twenty-four-year-old science teacher and the defendant in the trial.
A soft-spoken and humble man, Cates has been arrested for teaching
his students the theory of evolution from a biology textbook. His outlook
on human knowledge is skeptical, and he wonders about the nature
of the universe.
in-depth analysis of Bertram Cates.
Matthew Harrison Brady
- A national political figure and a three-time loser
in presidential campaigns who arrives in Hillsboro to lead the prosecution
in Cates’s trial. A Christian fundamentalist and Nebraska native,
Brady defends the literal truth of the Bible against what he labels
Cates’s big-city agnosticism. Drummond, however, exposes the obvious
contradictions of this viewpoint, much to Brady’s embarrassment.
in-depth analysis of Matthew Harrison Brady.
famous lawyer from Chicago whom the Baltimore Herald
defend Cates. Drummond, a believer in human progress, argues for
freedom of thought.
in-depth analysis of Henry Drummond.
E. K. Hornbeck
cynical, wisecracking journalist and critic who speaks in colorful
phrases. Hornbeck travels to Hillsboro to cover the trial for the Baltimore
. He despises Brady’s religious fundamentalism and
the townspeople’s simple-minded acceptance of Brady’s views. In
his column, Hornbeck portrays Cates as a hero.
Rev. Jeremiah Brown
- The figure of religious authority in Hillsboro.
Reverend Brown preaches a creed based on the fear of God and the
punishment of sinners.
daughter of Reverend Brown. Twenty-two-year-old Rachel teaches the
second grade at the school where Cates also taught. Rachel is close
friend of Cates, and their relationship has a romantic element.
Rachel fears her father’s disapproval and becomes upset when Brady
calls on her to testify about her personal conversations with Cates.
in-depth analysis of Rachel Brown.
judge presiding over Cates’s trial. The judge conducts the trial
impartially, although his personal views about the Bible’s legitimacy
are in line with those of the rest of the townspeople of Hillsboro.
At the mayor’s prompting, the judge gives Cates a lenient sentence
after the jury’s guilty verdict.
bailiff at the Hillsboro courthouse. Meeker lets Cates in and out
of his jail cell and jokes that Cates is a threat to the community.
Harrison Brady’s wife. Mrs. Brady monitors her husband and nags
him not to overeat. Brady calls her “Mother.”
twelve-year-old girl. Melinda believes in the Bible and fears the
idea of evolution.
student in Cates’s science class. Howard grasps the idea of evolution
in only a rudimentary way, as we see when he asks a worm in the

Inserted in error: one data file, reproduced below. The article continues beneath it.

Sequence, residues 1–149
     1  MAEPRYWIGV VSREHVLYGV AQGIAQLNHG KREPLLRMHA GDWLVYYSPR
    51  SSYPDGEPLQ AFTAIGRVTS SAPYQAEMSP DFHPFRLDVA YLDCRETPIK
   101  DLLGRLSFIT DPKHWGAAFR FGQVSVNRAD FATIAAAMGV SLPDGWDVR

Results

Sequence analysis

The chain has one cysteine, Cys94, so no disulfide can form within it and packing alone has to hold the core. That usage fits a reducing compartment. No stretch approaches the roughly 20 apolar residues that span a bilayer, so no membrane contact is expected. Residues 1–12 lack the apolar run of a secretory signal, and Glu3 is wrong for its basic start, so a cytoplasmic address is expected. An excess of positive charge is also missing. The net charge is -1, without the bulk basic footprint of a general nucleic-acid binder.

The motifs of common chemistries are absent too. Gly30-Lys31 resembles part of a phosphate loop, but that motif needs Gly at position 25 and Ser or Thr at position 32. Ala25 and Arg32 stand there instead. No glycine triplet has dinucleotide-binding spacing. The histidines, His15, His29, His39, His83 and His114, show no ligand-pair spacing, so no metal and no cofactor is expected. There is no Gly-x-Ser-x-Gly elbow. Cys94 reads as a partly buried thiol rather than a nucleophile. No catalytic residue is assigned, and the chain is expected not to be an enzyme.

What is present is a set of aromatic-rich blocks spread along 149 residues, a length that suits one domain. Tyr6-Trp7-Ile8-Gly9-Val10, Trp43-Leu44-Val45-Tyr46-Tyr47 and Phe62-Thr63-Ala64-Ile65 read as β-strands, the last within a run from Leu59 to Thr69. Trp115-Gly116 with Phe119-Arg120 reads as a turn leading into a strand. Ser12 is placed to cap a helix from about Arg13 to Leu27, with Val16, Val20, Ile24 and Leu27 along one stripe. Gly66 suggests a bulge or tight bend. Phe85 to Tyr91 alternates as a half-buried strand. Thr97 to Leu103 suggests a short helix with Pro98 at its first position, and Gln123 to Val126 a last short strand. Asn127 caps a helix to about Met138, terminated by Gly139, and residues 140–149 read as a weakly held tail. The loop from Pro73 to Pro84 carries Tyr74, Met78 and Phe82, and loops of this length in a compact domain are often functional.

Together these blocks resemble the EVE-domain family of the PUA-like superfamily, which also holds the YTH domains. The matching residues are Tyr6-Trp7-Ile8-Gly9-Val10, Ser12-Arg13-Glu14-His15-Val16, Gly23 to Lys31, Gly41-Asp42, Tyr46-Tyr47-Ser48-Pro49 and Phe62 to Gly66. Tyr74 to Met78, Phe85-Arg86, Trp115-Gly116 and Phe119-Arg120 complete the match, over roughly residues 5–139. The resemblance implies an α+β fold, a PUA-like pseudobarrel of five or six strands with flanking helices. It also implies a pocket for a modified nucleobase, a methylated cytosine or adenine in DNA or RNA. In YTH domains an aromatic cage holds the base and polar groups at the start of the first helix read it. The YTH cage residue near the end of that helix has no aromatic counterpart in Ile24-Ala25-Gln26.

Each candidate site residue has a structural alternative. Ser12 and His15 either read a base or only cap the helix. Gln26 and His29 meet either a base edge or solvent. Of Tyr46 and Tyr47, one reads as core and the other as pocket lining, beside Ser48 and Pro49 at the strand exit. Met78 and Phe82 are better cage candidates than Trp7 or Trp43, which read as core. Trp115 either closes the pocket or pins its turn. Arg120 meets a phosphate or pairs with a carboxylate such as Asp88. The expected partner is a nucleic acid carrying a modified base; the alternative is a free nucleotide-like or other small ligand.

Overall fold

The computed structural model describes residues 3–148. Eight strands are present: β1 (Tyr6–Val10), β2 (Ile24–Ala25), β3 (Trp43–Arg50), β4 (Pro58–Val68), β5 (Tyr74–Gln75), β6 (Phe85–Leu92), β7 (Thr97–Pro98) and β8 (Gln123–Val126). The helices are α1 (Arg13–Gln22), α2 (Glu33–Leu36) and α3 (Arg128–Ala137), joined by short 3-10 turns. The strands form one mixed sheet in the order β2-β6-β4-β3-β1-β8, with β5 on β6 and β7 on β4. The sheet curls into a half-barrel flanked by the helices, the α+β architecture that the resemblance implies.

play’s opening scene what it wants to be when it grows up. At the
trial, Howard gives testimony that is used against Cates.
outspoken Hillsboro woman. On behalf of the Hillsboro Ladies’ Aid,
Mrs. Krebs serves lunch to Brady on his arrival in town.
eleven-year-old boy who drowned while swimming in a river. Cates
befriended Stebbins, who had a curious nature and enjoyed looking
through Cates’s microscope. According to Reverend Brown, Stebbins
was damned when he died because he was never baptized. Brown’s harsh
condemnation of Stebbins disgusted Cates, who stopped attending church.
member of the jury. Bannister has read neither Darwin nor the Bible
because he is illiterate.
mountain man. The illiterate Elijah sells Bibles to the townspeople
and preaches his beliefs to the crowd.
mayor of Hillsboro. The mayor supports Brady and welcomes him to
town by naming him an honorary colonel in the state militia. Under
pressure from the state capitol, he instructs the judge to pass
a lenient sentence at the trial’s conclusion.
local district attorney. Davenport assists Brady during the trial.
He attempts to stop Drummond’s humiliation of Brady at the end of
the trial, but by the time he objects, Brady has already made a
fool of himself.
Harry Y. Esterbrook
- A radio host from WGN in Chicago. Esterbrook broadcasts
the announcement of the verdict and Cates’s sentencing and cuts
off Brady in the middle of his victory speech.
Jesse H. Dunlap
- A farmer and cabinetmaker. Dunlap stands as a potential
juror, but Drummond dismisses him because of his enthusiastic support
employee at the local feed store and a member of the jury. Drummond
accepts Sillers as a juror after Sillers tells him that he focuses
on making a living while his wife takes care of religious matters
for both of them.
owner of a store across the square from the courthouse. The storekeeper
professes not to have convictions about creation because they are
not good for business.